United States District Court, E.D. Kentucky, Central Division, Lexington
OPINION & ORDER
KAREN K. CALDWELL, Chief District Judge.
Currently before the Court is the motion in limine filed by Defendants, Mark S. Riggsbee and Task Force Tips, Inc. (collectively, "Defendants"), to exclude the testimony of Ronald L. Hopkins, CFPS, CFEI, pursuant to Daubert v. Merrell Dow Pharmaceuticals, Inc., 509 U.S. 579 (1993), Kumho Tire Co. Ltd. v. Carmichael, 526 U.S. 137 (1999), and Federal Rule of Evidence 702. Also before the Court is Defendants' motion in limine to preclude Hopkins from testifying as to any inspection of the Berea Fire Department fire hose and his opinions regarding the inspection of the hose [DE #75]. These motions are fully briefed and ripe for review.
I. FACTUAL AND PROCEDURAL BACKGROUND
Defendant Task Force Tips is the manufacturer, producer and/or seller of various firefighting equipment, including a device known as the Blitz-Fire Monitor fire hose water regulator. The Blitz-Fire Monitor is a device that sits on the ground and is attached to the end of a fire department fire hose and allows firefighters to fight fires without hand-holding the fire hose. Part of the monitor's design includes an automatic shut-off system.
Plaintiffs contend that Plaintiff Ronald Mills, a firefighter for the City of Berea, was injured on October 13, 2011, when he attended a sales demonstration of the Blitz-Fire Monitor performed at the Berea Fire Department by Defendant Mark Riggsbee. For purposes of the demonstration, the monitor was attached to a fire hose attached to a Berea Fire Department pumper truck. During the demonstration, the fire hose came loose from the pumper truck, knocking Mills off his feet and causing him injury. Plaintiffs claim that the fire hose detached from the truck because of "water hammer, " a condition that the monitor was supposed to eliminate. "Water hammer" occurs from the back flow of water when a fire hose is shut off too quickly, causing a build-up of pressure. Defendants deny that water hammer occurred and instead claim that the accident was caused by a faulty fire hose.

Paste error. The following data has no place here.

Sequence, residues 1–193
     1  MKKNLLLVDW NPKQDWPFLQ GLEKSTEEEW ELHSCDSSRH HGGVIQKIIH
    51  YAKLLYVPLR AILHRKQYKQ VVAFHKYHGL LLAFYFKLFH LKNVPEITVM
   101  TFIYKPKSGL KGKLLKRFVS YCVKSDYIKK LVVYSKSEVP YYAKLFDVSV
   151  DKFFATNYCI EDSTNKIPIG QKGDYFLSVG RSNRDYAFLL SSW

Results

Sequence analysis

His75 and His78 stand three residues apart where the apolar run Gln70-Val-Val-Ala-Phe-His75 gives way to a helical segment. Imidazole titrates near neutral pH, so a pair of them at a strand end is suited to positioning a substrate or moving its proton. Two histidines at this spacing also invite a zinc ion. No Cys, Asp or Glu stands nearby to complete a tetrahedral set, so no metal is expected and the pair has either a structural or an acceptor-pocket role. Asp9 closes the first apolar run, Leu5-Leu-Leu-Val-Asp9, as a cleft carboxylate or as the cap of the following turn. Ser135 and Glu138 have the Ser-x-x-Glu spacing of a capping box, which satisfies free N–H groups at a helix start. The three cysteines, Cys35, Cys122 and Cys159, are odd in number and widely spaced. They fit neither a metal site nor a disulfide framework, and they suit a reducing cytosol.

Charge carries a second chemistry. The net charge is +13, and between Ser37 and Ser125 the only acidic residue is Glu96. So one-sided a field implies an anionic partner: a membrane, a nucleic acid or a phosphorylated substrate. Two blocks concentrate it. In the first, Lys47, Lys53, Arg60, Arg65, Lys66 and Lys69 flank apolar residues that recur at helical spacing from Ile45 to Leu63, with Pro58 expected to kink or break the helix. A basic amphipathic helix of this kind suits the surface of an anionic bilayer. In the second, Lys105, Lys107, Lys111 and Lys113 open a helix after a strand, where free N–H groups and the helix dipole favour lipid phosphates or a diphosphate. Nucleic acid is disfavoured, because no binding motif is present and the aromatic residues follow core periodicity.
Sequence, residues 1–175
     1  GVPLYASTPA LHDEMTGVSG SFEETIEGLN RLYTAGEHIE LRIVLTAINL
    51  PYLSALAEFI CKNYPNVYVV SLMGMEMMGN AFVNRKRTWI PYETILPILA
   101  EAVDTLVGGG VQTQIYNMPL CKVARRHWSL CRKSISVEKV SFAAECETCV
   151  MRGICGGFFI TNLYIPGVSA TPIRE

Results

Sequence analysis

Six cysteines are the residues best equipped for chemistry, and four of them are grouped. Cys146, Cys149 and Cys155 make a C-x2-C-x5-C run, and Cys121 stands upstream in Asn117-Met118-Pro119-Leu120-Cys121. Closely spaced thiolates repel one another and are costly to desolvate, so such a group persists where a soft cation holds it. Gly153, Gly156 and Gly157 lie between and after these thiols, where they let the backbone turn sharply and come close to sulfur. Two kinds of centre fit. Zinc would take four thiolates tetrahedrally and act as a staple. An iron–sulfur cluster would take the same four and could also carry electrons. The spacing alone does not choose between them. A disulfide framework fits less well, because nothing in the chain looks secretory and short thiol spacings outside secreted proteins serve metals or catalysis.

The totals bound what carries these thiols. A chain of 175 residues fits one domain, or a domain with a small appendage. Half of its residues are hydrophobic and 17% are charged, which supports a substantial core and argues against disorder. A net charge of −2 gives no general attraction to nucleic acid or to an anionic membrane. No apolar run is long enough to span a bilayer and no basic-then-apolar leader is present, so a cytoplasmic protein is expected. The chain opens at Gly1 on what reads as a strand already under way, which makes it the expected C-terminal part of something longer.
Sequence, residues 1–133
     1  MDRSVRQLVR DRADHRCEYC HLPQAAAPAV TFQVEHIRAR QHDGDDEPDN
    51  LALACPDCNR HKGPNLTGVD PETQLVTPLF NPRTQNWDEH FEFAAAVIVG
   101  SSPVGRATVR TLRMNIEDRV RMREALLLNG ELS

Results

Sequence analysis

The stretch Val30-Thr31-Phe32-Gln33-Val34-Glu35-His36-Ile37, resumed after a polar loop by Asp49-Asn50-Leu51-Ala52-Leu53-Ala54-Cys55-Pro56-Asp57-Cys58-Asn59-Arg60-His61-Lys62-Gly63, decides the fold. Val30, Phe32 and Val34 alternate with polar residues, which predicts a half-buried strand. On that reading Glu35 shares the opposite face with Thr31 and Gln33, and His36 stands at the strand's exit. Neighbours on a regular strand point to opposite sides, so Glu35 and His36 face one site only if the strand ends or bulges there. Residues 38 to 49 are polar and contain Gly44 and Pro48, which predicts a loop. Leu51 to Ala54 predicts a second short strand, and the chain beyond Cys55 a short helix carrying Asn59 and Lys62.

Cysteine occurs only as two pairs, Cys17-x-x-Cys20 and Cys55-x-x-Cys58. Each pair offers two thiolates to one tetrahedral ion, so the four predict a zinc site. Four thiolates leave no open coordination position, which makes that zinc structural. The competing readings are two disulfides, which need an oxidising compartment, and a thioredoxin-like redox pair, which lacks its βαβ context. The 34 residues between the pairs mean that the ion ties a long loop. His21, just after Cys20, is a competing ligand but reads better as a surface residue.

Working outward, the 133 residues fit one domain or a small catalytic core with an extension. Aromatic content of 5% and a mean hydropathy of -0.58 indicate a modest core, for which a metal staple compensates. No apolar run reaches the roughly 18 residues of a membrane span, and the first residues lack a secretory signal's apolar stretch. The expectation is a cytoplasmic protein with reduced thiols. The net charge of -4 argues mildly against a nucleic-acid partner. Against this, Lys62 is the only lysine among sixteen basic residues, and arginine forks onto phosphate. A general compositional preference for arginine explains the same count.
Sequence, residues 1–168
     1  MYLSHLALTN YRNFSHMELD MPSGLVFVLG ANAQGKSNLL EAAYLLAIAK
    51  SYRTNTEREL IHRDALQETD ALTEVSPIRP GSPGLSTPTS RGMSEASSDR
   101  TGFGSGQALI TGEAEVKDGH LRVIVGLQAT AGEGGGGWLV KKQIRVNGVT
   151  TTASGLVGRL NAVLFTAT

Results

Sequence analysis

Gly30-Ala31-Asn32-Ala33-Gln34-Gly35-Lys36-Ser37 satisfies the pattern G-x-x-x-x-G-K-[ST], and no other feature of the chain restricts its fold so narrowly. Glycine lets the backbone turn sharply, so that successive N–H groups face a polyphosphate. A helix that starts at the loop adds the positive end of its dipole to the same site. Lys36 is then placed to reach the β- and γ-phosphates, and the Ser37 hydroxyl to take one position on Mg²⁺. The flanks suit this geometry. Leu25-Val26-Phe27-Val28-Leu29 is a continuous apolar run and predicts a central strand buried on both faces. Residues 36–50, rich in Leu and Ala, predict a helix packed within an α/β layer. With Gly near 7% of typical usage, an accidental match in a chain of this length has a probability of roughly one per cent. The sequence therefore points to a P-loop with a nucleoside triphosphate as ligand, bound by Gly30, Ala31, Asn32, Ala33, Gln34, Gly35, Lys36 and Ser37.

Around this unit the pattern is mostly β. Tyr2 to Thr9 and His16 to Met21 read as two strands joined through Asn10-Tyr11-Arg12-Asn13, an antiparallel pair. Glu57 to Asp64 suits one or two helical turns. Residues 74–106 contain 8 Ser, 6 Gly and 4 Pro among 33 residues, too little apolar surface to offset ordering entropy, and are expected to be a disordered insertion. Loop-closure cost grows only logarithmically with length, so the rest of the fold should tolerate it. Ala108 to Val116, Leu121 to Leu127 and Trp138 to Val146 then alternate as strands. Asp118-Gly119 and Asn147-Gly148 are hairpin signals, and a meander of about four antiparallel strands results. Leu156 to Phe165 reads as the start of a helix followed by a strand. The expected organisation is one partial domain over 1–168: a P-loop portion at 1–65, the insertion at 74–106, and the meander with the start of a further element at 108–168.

Plaintiffs have named Hopkins as an expert expected to testify in this matter. According to Plaintiffs, Hopkins will testify that the fire hose separated from the pumper truck due to water hammer. Hopkins will also testify that the fire hose used during the demonstration was not defective. Defendants have filed this motion seeking to exclude Hopkins' testimony on the grounds that Hopkins' opinions are not scientifically reliable and, therefore, must be excluded from trial. A hearing on Defendants' motion was held on November 15, 2013. Plaintiffs did not offer Hopkins as a witness, nor did Hopkins otherwise attend the hearing.
In Daubert, the Supreme Court "established guidelines for district courts to use in determining the admissibility of expert testimony pursuant to Rules 702 and 104 of the Federal Rules of Evidence." Pride v. BIC Corp., 218 F.3d 566, 577 (6th Cir. 2000). Daubert applies to "scientific, " "technical" and "otherwise specialized" knowledge. Kumho Tire Co., 526 U.S. at 141. "Although... the evaluation of expert testimony is generally left to juries, the Court emphasized the trial judge's gatekeeping' role with respect to expert proof...." Pride, 218 F.3d at 577 (citing Daubert, 509 U.S. at 597-98). The Federal Rules of Evidence provide that an expert who is qualified:
by knowledge, skill, experience, training, or education may testify in the form of an opinion or otherwise if:
(a) the expert's scientific, technical, or other specialized knowledge will help the trier of fact to understand the evidence or to determine a fact in issue;
(b) the testimony is based on sufficient facts or data;
(c) the testimony is the product of reliable principles and methods; and
(d) the expert has reliably applied the principles and methods to the ...